I feel like the boy who cried wolf. And I hate that. A lot. I’ve gone through a myriad of relationships that really weren’t relationships in my opinion, but more like trying on different pairs of shoes and, knowing that I don’t like them at all, buying them anyway. It’s gotten to the point that if I tell my friends that I have a new boyfriend, the reaction is silence. What they want to say is, “How long is this one going to last?” But the thing is, the new guy I’m with, I really feel very VERY strongly for him, and it feels like everything is finally falling into place — like the puzzle is finally finished. The only problem is that I still feel like I have to prove to my friends that I can be in a lasting relationship. I don’t want to feel like I have to hide my boyfriend from my friends until two or three months have elapsed just to make them feel satisfied. For the first time in a very long time I’m falling in love again. I just want them to be happy for me, not doubting my abilities as a girlfriend. :(
— `insert creatively anonymous name here`
Dear Creatively Anonymous,
The advice is free, but aliases are not included — and Creatively Anonymous may be a fitting name for someone who has a history of short-lived relationships she compares to shoes. I reckon I will refer to this as the letter from the shoe kid.
When I was young and fancy-free, my friends would give nicknames and titles to my “boyfriends,” as it was easier than keeping the ever-changing faces and names straight. At first I found it annoying and even demeaning, but after a while it became endearing and a way to remember the guys years later. There was Potato Guy (due to an unfortunate dinner-table incident), Big and Tall (the store he worked in, not an accurate description), the scientist, the drunk, the puppy, and so on. Every once in a while, a chap would have a good run at it and earn his real name over time. My friends were not mean-spirited — well, maybe a little — but mostly realistic. Once I realized my friends were not judging me, I relaxed, started keeping my boyfriends longer, and even made up my own nicknames. I still secretly do, but I don’t always share them.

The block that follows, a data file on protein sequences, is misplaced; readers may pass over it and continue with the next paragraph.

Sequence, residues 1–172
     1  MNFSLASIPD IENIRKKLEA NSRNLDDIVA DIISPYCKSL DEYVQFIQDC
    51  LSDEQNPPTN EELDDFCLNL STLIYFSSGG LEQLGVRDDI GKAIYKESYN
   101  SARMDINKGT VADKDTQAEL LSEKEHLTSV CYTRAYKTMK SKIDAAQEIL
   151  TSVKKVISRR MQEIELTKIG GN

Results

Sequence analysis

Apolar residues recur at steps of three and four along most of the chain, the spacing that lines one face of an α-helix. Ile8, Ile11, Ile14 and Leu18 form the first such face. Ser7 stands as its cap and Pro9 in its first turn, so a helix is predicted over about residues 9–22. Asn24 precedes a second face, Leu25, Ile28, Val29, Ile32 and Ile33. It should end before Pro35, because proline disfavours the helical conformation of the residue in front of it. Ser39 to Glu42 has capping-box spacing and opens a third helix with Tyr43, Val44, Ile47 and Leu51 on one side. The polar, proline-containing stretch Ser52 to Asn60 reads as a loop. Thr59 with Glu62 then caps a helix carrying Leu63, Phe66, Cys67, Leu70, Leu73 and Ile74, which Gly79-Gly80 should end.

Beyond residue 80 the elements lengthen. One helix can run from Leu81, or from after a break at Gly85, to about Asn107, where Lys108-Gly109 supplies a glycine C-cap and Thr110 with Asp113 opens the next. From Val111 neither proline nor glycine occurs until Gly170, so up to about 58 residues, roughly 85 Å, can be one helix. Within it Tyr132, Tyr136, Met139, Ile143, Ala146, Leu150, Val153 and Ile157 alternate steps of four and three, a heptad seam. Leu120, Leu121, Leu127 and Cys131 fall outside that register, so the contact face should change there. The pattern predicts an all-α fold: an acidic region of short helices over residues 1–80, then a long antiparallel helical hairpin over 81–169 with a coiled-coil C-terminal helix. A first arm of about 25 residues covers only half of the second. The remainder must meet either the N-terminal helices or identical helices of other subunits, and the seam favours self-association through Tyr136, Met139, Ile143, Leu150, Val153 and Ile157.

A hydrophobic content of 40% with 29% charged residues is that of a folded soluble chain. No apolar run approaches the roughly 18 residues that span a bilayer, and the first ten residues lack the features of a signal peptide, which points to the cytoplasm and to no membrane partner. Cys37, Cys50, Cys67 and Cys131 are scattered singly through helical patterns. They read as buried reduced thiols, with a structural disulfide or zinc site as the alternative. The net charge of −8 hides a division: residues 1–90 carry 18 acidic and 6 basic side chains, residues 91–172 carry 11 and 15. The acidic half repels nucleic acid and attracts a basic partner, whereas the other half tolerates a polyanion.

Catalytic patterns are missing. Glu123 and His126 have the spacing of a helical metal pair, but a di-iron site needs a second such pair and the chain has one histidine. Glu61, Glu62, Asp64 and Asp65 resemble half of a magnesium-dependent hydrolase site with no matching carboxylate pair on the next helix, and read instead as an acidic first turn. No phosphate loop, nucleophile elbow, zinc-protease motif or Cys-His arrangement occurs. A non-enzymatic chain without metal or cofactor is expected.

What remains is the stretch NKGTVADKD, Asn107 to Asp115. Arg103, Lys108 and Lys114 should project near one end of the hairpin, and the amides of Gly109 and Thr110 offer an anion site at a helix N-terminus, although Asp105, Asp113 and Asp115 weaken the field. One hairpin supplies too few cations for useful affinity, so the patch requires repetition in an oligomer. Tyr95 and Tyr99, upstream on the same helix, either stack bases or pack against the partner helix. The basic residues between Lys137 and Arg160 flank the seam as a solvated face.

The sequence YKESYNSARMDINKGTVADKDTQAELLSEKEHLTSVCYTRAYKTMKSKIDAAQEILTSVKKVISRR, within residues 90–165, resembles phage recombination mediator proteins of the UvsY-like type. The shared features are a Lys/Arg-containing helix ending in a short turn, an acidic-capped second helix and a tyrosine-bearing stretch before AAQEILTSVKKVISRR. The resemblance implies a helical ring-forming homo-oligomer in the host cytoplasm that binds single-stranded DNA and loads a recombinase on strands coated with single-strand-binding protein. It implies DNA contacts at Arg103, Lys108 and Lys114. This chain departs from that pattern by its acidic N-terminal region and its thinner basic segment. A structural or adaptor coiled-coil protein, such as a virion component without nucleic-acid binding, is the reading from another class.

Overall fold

Perfectly well-adjusted people with nothing to prove can go through guys and/or girls like shoes. Now if you have a habit of proclaiming true love from every other rooftop in the city on the second Tuesday of every month, you are only preparing the world and your friends for another disappointment. It’s fine to let your heart run free to chase love like butterflies — it beats being bitter and lonely — but you don’t have to tell everyone right away. Play it cool with your friends. You can bring Mr. Perfect out and have him meet your friends, but skip the “I’m in love” story. Your friends will notice when he stays around, and if he doesn’t and falls the way of last year’s Skechers, that’s OK, too. Let your friends start to talk about the new guy and love and relationships when they are ready. For now he’s just the great guy you are keeping and making time with.
It won’t do you any favors to conceal a new boyfriend from your friends. This is actually an important meter of quality you don’t want to put off till it’s too late and you’ve fallen in love with a young war criminal in the making. Your friends should have an interest in who you date and you in their opinion of him. I am not saying they get to pick, but hopefully they have helpful insight and your best interests at heart.
I think you might be trying to prove the relationship to yourself more than anyone else. Let that go or you are going to lose. This guy will become a pawn and a measuring stick. You run the risk of turning him into a goal that once achieved is no longer of interest. That would be a shame. Have fun and fall in love; the rest is over-thinking it.
Much love and hope he’s the keeper,
Your Uncle Mat
Uncle Mat answers questions about relationships, sex, pets, and art. Email him at
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